A student is strongly advised to devote as much time as possible to graduate studies. To satisfy the residency requirement, Ph.D. students must attend the University as a full-time student for at least two full years. The Ph.D. program is a full-time only program. If the advisory committee encourages attendance of a semester or a summer as a full-time student at a neighboring institution or an off-campus research site, that time may be applied to the residence requirement..

Sequence of Evaluation

The program is centered on the development of professional competence. Each student is formally assessed in the following steps:

  1. A defense of a research proposal during the first Spring semester of fulltime graduate study for all graduate students.
  2. A candidacy examination over the area of specialization (Ph.D. students only).
  3. A defense of dissertation.

Each semester the graduate coordinating committee evaluates the overall performance of each student toward obtaining the degree. A student judged to be making unsatisfactory progress may be placed on probation or dismissed from the program. Further details concerning the policies of the graduate program can be found in the Graduate Student Handbook in the Department of Biology at the University of Dayton.

Research Proposal

During the first Spring semester of graduate work, all Ph.D. students will submit a written research proposal and orally defend it for their Graduate Committee.  The purpose of this assessment is to judge the student’s competence and readiness to perform research in his/her specialized area and in related fields.  It also aids the student’s advisory committee in planning the remainder of the program.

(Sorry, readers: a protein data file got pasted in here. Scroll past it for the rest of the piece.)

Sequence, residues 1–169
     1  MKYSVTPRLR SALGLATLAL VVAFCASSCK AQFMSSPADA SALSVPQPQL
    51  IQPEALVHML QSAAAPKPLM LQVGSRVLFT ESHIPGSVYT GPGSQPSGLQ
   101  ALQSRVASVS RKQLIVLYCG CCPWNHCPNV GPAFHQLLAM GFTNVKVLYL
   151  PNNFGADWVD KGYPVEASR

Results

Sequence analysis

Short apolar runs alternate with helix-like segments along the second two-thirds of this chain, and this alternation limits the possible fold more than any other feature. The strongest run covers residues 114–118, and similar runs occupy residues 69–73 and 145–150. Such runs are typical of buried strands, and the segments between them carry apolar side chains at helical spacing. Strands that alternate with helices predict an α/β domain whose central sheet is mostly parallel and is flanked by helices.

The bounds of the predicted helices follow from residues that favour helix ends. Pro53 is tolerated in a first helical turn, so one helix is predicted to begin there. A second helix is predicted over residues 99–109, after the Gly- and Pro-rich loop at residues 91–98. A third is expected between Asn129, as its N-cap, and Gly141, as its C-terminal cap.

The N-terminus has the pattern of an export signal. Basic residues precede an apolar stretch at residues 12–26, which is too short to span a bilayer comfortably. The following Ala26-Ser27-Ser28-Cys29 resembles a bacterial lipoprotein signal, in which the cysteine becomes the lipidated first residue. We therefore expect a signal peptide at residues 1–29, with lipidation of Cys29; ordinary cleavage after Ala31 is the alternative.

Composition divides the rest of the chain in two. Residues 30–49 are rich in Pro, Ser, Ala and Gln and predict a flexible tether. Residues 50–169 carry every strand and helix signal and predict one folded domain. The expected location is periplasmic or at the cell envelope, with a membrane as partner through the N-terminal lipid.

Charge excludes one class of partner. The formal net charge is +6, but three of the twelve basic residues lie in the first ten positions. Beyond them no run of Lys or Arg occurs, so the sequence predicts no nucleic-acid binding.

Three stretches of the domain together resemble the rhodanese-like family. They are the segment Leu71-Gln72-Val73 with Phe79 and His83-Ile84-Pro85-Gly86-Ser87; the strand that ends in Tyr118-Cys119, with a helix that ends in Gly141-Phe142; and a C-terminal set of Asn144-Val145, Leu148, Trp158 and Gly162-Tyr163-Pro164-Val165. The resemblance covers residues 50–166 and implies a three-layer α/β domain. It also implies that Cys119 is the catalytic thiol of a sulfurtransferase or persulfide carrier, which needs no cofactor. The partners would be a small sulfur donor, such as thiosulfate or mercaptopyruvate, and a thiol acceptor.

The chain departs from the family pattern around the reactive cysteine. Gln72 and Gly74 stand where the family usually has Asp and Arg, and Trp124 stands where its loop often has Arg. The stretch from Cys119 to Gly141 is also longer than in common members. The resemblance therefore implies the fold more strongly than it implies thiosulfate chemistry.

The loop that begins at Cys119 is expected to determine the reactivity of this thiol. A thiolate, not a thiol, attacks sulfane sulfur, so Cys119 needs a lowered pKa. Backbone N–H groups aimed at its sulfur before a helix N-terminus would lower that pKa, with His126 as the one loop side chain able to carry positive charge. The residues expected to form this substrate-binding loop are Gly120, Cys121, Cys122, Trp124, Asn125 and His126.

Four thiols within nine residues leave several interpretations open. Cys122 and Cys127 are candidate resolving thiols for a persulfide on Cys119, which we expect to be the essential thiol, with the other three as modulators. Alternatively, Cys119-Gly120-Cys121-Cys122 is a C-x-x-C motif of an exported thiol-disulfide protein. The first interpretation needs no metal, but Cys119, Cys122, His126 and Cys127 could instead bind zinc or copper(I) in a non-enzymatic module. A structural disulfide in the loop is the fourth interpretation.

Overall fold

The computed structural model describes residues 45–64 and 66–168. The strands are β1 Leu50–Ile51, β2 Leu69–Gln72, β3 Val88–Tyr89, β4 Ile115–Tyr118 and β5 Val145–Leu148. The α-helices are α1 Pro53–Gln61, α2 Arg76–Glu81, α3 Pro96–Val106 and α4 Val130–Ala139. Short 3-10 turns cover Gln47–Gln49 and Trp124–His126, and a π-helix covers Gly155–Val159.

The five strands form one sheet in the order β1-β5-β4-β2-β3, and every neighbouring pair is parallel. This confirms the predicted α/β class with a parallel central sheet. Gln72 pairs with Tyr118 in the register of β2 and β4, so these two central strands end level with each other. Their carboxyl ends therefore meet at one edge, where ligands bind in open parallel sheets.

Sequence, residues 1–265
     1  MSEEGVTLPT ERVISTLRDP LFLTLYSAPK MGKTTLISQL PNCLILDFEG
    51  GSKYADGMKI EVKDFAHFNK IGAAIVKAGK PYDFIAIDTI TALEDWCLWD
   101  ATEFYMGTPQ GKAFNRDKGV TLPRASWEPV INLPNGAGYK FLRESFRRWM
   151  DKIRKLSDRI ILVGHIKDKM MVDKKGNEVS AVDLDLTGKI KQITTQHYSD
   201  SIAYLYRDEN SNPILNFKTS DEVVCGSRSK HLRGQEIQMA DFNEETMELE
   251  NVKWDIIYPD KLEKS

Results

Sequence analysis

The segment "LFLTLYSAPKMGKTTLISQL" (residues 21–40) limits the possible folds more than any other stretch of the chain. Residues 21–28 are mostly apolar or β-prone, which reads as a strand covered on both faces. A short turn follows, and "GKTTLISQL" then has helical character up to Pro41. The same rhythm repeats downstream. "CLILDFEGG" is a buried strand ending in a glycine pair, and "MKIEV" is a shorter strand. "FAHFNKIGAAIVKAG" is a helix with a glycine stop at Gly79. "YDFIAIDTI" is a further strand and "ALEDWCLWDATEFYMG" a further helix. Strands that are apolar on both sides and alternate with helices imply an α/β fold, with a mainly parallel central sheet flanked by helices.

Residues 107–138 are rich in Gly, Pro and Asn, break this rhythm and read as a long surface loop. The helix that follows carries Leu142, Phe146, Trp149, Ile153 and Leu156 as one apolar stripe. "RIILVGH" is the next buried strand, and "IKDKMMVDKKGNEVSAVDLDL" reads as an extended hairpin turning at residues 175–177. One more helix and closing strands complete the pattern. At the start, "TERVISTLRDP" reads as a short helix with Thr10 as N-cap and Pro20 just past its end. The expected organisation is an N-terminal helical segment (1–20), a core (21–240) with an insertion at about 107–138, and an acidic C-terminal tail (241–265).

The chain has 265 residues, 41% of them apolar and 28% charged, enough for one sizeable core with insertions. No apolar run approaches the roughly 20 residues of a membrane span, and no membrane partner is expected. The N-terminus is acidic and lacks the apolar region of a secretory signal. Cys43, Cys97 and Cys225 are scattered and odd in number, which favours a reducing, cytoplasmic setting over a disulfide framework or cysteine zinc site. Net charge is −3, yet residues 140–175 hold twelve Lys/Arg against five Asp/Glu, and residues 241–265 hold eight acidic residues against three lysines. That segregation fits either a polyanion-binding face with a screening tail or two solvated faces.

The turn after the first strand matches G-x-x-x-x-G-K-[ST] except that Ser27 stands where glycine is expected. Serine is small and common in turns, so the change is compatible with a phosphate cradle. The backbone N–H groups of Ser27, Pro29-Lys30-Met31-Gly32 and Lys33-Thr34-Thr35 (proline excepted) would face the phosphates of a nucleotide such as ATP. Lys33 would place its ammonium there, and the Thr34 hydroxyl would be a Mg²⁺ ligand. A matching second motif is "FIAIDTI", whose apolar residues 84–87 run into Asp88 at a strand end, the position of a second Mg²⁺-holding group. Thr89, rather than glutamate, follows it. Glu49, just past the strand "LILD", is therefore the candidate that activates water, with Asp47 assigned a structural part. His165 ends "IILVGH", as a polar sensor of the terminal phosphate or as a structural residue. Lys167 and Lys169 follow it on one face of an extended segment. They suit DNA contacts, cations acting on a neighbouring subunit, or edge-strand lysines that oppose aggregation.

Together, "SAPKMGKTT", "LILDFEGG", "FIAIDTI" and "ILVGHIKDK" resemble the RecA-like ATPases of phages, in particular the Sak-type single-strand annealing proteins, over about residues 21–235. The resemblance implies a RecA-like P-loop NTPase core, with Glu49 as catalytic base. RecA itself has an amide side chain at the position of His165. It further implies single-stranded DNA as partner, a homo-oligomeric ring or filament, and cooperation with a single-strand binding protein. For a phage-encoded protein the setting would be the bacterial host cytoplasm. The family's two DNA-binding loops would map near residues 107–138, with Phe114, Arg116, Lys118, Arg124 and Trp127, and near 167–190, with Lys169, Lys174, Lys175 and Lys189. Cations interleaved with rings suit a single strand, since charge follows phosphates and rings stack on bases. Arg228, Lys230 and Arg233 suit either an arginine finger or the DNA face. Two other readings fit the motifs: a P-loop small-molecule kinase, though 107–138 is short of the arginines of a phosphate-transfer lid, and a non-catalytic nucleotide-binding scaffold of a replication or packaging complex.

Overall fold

Utilizing the student's performance in both the written and oral phases, the advisory committee makes an evaluation and suggests one of the following possible alternatives:

  1. The student should continue to work toward completion of the Ph.D. degree.
  2. The student should correct obvious deficiencies and resubmit the written and/or oral portion(s) - (resubmission must be scheduled no later than six months from the original defense date and will result in a clear pass or fail/withdrawal from the program).
  3. After consultation with the advisory committee, the student should switch to the M.S. program.
  4. The student should withdraw from graduate work (student has failed the assessment without an opportunity of a second chance).

All other graduate assessments come at specific times in the progress of the student's program and are scheduled and administered by the advisor and advisory committee. These assessments consist of the Ph.D. candidacy examination and the defense of the Ph.D. dissertation.

Ph.D. Candidacy Examination